At the beginning of the Lunar New Year holiday, President Tsai Ing-wen (蔡英文) expressed her willingness to push for “meaningful dialogue” with China on an equal footing. Her remarks were praised by Chinese Nationalist Party (KMT) Chairman Johnny Chiang (江啟臣), who said such goodwill might help break the deadlock between the two sides of the Taiwan Strait.
However, a week later, the Coast Guard Administration irritated Beijing by announcing that it would, on Tsai’s instructions, add the word “Taiwan” above the words “ROC Coast Guard” on the hulls of Taiwanese coast guard vessels to distinguish them from Chinese vessels.
Some experts speculated that this was related to China’s launch early this month of the Haixun 06 (海巡06) vessel, Fujian Province’s first 5,000-tonne maritime patrol rescue ship.
However, what is more interesting is the Chinese vessel’s capabilities. In addition to its ability to supply electrical power to other ships, the Haixun 06 can perform a variety of life-saving tasks on a ship in distress, such as stopping leaks and draining water. The vessel is also equipped with various emergency systems, such as fire suppression.
Take its monitoring system for oil spills for example: Based on calculations and environmental data, such as wave height and sea conditions, the system can monitor the distribution and drift of oil spills on the sea surface.
When dealing with threats on the waters in the Strait and to the marine life there, perhaps the solution lies in cross-strait cooperation on certain issues such as prevention of water pollution, sustainable development of the fishery industry and the conservation of precious marine life.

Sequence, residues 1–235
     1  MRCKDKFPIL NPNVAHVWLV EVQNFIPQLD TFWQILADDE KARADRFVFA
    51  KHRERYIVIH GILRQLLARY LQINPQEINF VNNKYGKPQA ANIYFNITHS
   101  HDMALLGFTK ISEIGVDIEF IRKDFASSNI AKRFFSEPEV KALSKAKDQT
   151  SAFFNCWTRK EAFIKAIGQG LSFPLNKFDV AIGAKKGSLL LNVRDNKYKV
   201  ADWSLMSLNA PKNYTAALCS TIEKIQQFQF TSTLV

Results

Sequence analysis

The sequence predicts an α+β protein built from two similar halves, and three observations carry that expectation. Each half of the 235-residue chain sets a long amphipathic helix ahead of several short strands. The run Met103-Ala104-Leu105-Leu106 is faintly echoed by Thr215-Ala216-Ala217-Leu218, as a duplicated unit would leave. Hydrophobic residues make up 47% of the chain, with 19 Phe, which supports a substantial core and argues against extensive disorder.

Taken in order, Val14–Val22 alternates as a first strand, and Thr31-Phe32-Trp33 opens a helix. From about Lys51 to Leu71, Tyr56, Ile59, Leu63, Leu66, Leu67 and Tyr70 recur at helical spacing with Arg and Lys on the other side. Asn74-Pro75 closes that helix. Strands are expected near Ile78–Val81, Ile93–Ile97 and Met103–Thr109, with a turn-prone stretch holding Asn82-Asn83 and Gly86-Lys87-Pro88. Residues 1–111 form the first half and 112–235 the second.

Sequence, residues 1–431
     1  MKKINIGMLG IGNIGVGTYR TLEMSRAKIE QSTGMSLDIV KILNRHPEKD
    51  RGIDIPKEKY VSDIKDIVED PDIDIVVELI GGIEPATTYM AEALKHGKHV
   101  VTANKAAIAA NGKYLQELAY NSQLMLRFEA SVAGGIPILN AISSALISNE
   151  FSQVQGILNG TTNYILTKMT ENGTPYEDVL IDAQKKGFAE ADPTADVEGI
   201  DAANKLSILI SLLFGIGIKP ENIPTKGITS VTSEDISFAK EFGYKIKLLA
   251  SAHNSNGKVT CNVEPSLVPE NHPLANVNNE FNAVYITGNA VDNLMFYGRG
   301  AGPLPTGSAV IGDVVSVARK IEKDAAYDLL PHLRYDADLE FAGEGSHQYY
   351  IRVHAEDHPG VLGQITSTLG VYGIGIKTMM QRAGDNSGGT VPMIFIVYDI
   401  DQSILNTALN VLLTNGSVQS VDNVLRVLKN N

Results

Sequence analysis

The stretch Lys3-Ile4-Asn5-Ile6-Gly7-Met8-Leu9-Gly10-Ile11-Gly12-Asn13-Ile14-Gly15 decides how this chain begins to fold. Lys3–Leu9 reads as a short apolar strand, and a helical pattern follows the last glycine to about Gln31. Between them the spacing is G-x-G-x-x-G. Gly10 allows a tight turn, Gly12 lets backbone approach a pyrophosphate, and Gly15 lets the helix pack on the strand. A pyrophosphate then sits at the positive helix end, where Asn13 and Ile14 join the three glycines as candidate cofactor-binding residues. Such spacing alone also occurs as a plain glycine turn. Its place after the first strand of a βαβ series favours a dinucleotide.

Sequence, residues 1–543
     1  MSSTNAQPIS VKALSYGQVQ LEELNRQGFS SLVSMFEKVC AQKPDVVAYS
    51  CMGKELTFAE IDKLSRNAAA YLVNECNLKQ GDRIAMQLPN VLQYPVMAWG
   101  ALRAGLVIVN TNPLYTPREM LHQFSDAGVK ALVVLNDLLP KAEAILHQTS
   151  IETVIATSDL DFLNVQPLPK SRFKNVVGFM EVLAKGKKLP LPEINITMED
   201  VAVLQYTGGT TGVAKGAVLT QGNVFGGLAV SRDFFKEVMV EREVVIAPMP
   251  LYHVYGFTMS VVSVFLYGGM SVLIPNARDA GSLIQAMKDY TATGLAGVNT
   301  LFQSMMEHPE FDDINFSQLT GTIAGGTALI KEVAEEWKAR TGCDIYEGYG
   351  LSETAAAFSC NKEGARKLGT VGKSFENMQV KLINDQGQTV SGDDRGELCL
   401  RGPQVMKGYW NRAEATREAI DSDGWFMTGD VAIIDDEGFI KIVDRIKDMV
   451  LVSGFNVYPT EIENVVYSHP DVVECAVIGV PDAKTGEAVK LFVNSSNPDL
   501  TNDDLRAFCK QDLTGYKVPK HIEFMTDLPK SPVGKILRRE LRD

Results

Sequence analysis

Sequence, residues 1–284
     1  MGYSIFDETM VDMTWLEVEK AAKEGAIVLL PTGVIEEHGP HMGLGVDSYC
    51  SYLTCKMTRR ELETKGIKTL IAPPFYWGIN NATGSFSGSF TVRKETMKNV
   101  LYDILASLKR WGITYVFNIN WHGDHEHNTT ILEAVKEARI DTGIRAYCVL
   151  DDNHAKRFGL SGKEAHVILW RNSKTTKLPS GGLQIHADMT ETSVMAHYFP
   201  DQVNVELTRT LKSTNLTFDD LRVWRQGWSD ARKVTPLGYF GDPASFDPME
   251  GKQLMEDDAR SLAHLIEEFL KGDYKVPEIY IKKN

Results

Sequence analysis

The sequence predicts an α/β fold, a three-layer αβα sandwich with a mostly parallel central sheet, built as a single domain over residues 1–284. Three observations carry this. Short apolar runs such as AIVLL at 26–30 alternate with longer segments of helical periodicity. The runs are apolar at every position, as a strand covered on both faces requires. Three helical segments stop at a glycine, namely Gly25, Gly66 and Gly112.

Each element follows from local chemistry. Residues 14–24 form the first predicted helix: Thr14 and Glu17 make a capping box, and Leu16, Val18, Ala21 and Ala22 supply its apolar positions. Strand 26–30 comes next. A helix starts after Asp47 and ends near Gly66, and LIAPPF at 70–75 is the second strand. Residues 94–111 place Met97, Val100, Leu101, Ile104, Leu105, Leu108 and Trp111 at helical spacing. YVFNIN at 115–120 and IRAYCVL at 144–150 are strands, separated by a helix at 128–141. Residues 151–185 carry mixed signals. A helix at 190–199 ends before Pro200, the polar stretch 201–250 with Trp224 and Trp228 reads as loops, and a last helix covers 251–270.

It would be much more effective and efficient if the two sides worked together. When dealing with accidents, such as ships in distress or oil spills, they could cooperate to save lives and reduce damage.
In the case of massive oil spills, for example, good results could be obtained if the two sides could work together to build a maritime emergency response mechanism.
There are many successful examples of such cross-border cooperation. For example, France, Italy and Monaco have built a cooperation mechanism for whale protection in the Ligurian Sea, an arm of the Mediterranean Sea. Also, Germany, the Netherlands and Denmark have teamed up in the Wadden Sea through the 1997 Trilateral Wadden Sea Plan.
Cooperation across borders on ocean conservation can also help improve relationships, as can be seen in the example of Jordan and Israel, which have worked together to protect the coral reefs and tourism resources in the Red Sea Marine Peace Park.
As political leaders on both sides of the Strait expressed goodwill during the Lunar New Year holiday, perhaps they could start by discussing how to build a cooperation mechanism to protect the marine environment, making the ocean — which belongs to all — the biggest winner.
Hua Jian is an associate professor in National Taiwan Ocean University’s Department of Marine Engineering.
Translated by Eddy Chang
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